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Movie Review: Junebug

Alternate Title: You Can't Go Home Again

Story: Visiting family after you have grown up and left home can be tricky. This very interesting and engaging film directed by Phil Morrison and written by Angus MacLachlan does not fall into all of the expected cliches. It is a slow (emphasis on S-L-O-W) film that sticks with you long after you have left the theater.

George left the southern comfort (or discomfort) of his North Carolina routes and ventured north to Chicago where he married 'outsider' art gallery owner Madeleine. He returns to his roots with her (on her search for the ultimate 'outsider' artist who happens to live close to where George was raised). Our story begins.

Coming home is fraught with north versus south stereotypes. I was delighted to find that none of the politics that I expected from the different points of view were depicted. We are left to draw our own conclusions. The characters we meet are all engaging and much of the storyline about each character is left unexplained. That is the genius of the film. We can fill in the blanks ourselves.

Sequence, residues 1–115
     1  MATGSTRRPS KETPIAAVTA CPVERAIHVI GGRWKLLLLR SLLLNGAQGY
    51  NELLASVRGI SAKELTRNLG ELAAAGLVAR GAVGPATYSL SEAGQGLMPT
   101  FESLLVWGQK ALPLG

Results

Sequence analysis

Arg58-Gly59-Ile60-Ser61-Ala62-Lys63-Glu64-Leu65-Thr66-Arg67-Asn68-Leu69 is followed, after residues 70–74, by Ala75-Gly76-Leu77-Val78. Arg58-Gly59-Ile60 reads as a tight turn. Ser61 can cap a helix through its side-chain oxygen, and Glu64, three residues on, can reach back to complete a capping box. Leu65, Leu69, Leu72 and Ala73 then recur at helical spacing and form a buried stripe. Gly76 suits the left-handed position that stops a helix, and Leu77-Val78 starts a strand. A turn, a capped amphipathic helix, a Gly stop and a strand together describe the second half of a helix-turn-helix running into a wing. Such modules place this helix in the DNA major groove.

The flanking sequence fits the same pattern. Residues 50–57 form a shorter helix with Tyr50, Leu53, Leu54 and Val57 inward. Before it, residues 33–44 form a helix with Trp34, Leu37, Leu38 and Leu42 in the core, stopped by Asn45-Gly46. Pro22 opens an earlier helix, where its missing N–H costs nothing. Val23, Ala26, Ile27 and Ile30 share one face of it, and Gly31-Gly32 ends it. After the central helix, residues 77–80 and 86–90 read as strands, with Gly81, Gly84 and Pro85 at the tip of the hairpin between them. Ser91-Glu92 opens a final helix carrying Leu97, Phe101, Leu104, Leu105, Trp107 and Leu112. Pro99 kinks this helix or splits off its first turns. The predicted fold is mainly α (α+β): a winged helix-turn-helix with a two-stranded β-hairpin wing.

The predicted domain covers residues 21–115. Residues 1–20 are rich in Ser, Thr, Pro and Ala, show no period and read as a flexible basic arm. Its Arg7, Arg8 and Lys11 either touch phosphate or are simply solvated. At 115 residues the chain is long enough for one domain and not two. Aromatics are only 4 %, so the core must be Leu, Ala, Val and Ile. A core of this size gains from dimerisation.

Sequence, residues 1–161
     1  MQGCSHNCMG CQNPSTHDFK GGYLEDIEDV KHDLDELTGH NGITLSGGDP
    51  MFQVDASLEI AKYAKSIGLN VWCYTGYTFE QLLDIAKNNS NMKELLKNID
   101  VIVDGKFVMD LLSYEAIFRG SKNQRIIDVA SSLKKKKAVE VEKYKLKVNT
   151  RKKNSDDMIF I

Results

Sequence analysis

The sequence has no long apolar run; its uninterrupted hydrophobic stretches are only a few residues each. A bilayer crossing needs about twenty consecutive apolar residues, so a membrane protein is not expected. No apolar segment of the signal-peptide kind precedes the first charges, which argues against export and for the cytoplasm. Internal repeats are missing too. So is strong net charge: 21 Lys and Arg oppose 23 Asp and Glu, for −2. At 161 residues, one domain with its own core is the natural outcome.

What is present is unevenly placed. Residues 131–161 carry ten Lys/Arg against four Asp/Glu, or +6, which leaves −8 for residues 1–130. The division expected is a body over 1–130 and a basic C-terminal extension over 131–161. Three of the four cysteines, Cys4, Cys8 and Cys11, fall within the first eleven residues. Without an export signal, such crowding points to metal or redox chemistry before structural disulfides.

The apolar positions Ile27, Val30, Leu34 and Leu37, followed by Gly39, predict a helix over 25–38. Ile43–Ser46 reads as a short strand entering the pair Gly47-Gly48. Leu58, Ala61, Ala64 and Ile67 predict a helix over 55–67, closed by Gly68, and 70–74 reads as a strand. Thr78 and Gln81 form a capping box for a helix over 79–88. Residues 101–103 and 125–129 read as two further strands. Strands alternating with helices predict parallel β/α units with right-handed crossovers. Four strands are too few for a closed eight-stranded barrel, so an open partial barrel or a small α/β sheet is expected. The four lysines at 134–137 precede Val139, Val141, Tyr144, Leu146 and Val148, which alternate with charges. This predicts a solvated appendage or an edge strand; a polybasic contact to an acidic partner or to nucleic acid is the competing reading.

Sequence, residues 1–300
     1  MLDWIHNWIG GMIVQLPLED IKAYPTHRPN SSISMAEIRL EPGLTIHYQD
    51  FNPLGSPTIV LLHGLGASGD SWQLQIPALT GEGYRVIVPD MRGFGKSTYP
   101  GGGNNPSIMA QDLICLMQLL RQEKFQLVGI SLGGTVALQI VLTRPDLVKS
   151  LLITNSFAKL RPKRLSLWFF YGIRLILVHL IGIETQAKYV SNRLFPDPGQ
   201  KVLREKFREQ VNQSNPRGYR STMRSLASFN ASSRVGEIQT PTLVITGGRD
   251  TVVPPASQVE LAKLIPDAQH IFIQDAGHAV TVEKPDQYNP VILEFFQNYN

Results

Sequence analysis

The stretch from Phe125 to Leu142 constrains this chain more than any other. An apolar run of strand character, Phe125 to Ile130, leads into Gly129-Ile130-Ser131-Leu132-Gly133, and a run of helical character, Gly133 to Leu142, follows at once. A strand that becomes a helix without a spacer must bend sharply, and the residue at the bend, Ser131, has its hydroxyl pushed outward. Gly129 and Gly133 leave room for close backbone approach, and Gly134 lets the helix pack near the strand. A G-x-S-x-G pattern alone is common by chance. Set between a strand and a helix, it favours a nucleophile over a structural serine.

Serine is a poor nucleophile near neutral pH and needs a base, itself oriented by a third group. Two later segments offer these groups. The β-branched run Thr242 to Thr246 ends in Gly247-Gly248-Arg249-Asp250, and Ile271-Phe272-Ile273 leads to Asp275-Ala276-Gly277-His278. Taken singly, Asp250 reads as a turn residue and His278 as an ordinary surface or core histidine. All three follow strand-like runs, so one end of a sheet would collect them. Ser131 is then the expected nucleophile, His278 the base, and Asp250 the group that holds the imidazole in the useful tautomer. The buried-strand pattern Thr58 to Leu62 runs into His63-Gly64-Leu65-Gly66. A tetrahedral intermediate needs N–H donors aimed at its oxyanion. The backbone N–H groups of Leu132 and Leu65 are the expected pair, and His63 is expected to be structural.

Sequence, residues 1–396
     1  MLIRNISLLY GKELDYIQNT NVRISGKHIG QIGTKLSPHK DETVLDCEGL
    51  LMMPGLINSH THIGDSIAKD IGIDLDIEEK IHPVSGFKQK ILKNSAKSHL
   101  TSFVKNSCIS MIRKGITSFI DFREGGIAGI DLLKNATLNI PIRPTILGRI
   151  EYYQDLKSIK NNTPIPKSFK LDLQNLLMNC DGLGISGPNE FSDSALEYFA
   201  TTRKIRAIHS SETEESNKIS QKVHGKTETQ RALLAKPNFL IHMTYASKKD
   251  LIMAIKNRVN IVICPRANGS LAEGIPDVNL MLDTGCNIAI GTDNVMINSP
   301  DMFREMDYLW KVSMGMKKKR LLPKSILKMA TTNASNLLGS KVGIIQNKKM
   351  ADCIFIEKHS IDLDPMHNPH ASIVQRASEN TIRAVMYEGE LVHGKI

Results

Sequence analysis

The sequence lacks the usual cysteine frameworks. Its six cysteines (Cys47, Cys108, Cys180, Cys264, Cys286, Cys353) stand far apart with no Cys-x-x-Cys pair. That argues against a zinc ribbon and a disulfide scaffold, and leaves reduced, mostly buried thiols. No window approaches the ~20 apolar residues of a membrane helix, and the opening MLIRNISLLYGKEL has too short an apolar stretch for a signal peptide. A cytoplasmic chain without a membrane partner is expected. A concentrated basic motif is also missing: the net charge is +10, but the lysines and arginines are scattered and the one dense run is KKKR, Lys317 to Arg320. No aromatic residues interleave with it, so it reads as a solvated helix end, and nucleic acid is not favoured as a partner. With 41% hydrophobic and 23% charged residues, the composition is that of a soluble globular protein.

If you like a fabulous ensemble cast, heavy emphasis on character driven stories but short on action, check it out. You will not be disappointed.

Acting: Kudos all around. The casting agent should get an award for this group of talented actors. Special recognition goes to Amy Adams (Catch Me if you Can), as Ashley for her terrific performance.Embeth Davidtz as the gallery owner was marvelous and was George (Allesandro Nivola). The rest of the cast, Frank Hoyt Taylor, Benjamin McKenzie, Scott Wilson and Celia Weston rocked.

Predilection: None. The theater was close to where we were and since it was 300 degrees in the baked Apple it seemed like a good idea to sit in an air conditioned theater.

Food: Lots of home cooked stuff.

Blatant Product Placement: Volvo and Apple

Soundtrack: Original and refreshing.

Opening Titles: Jarring

Visual Art: Special attention to the details of the southern home were noted.

Theater Audience: Packed.

Predictability Level: I did not know where this was headed.

Oscar Worthy: If this film has legs it would not surprise me if Amy Adams got some nomination.

Big Screen or Rental: If you want to relax and sit back and watch some character development than the big screen is for you.

Length: Under two hours.